One of the instruments was the  Social Security (Minimum Standards) Convention, 1952 (No. 102).  The UK did not sign up to all of this – it has only ratified sections II-V, VII and X.  That, however, includes undertakings about benefits for unemployment, including an upper waiting period of 7 days (art 24(3)) and a level of benefit that is 45% of previous earnings for a person with two children (arts 22(1), 65 and 66).   On the face of the matter, the UK is currently in breach of its international obligations in relation to the second condition, and has started to breach the conditions of the first with the introduction of Universal Credit.

 

The PAC criticises the Work Programme

The Public Accounts Committee has been reviewing the operation of the Work Programme.  The tone of report is muted – 9 of the 14 members are government supporters – but looking at what they say selectively, there are some strong criticisms nevertheless.  These are all quotations from the report:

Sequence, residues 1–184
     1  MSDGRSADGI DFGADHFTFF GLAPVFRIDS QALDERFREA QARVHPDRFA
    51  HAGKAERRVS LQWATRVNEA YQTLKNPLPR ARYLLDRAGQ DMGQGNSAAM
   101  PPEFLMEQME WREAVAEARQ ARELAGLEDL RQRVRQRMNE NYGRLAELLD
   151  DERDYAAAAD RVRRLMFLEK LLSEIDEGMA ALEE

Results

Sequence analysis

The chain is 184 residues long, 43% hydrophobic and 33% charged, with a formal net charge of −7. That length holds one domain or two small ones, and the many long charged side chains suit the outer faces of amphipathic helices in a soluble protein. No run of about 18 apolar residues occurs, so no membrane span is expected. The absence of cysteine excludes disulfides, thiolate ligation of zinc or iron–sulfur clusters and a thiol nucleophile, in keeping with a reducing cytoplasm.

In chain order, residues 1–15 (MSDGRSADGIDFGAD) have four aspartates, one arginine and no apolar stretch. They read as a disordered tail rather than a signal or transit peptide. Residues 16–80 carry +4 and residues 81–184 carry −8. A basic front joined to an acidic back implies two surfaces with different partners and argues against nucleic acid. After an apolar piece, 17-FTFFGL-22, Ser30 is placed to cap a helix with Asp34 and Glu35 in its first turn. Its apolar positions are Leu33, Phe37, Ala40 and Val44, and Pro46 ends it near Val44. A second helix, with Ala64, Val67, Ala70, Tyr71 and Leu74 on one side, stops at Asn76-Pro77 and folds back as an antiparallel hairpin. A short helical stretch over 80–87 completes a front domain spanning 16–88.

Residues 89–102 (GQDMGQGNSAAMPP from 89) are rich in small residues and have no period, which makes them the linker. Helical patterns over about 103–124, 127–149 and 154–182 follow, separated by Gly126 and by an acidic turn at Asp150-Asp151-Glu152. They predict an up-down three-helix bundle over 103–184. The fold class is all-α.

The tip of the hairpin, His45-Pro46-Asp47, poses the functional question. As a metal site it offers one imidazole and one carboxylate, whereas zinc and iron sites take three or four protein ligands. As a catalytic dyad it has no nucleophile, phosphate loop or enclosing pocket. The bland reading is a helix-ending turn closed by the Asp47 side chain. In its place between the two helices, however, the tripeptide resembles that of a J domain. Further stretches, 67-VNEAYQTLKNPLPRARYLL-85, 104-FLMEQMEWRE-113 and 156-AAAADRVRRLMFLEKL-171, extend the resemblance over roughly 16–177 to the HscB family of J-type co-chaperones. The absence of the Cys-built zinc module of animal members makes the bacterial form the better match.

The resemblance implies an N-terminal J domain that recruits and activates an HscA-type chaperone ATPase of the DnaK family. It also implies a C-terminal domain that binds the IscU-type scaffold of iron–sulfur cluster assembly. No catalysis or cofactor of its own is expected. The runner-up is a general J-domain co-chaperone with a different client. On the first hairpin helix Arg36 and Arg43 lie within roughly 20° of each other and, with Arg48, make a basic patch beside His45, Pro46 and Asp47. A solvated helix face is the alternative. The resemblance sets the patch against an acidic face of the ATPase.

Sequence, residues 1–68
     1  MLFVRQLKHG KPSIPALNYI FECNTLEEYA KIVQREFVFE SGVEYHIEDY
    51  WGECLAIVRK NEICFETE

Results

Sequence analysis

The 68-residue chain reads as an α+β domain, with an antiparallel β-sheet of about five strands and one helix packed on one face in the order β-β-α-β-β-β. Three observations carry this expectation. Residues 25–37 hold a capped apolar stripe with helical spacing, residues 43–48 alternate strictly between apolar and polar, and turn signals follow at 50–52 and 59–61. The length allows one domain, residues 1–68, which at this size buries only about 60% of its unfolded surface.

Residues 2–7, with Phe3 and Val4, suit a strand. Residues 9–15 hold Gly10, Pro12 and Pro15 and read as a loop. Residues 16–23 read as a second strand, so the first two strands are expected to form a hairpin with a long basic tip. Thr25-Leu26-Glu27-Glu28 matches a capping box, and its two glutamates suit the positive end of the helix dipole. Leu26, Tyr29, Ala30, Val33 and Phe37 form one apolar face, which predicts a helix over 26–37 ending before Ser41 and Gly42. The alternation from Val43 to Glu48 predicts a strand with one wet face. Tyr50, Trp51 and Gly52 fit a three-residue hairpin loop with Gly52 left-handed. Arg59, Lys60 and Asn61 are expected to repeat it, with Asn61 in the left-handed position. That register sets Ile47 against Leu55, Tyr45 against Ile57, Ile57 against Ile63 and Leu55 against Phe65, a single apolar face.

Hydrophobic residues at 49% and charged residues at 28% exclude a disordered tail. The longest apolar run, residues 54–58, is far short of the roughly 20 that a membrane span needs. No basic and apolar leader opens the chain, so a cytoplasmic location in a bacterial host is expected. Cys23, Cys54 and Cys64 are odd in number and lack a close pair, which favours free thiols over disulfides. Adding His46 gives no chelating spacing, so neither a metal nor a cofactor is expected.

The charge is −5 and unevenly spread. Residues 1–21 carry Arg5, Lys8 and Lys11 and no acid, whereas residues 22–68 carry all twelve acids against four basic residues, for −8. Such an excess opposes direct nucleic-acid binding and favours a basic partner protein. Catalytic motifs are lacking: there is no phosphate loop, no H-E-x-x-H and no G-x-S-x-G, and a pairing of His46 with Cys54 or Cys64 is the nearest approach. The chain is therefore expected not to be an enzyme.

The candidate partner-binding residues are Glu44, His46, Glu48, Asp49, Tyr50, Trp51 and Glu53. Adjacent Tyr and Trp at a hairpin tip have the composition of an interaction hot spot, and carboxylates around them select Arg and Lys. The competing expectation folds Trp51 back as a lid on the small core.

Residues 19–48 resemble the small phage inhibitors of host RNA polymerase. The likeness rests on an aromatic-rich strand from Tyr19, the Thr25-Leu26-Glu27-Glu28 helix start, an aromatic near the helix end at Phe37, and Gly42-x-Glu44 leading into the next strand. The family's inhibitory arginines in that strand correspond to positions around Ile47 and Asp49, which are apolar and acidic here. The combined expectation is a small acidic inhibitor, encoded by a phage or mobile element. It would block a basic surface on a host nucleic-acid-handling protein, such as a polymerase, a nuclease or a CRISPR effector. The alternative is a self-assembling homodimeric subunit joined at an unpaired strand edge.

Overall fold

Performance  for  people  who  have  completed  the  full  two  years  on  the  Work Programme  has  been  similar  to  previous  welfare-to-work  schemes. (para 1)

The  measurements chosen by the Department distort real performance.  (para 14)

There  is no clear  relationship  between  payment  groups  and  the  nature  of  the  support participants  receive. (para 7)

Data  prime contractors …  are,  on average,  spending  less  than  half  what  they  originally  intended  on  harder-to-help groups. (para 12)

Differential payments have not been effective in preventing contractors from focusing on easier-to-help claimants and parking the harder-to-help clients.(para 7)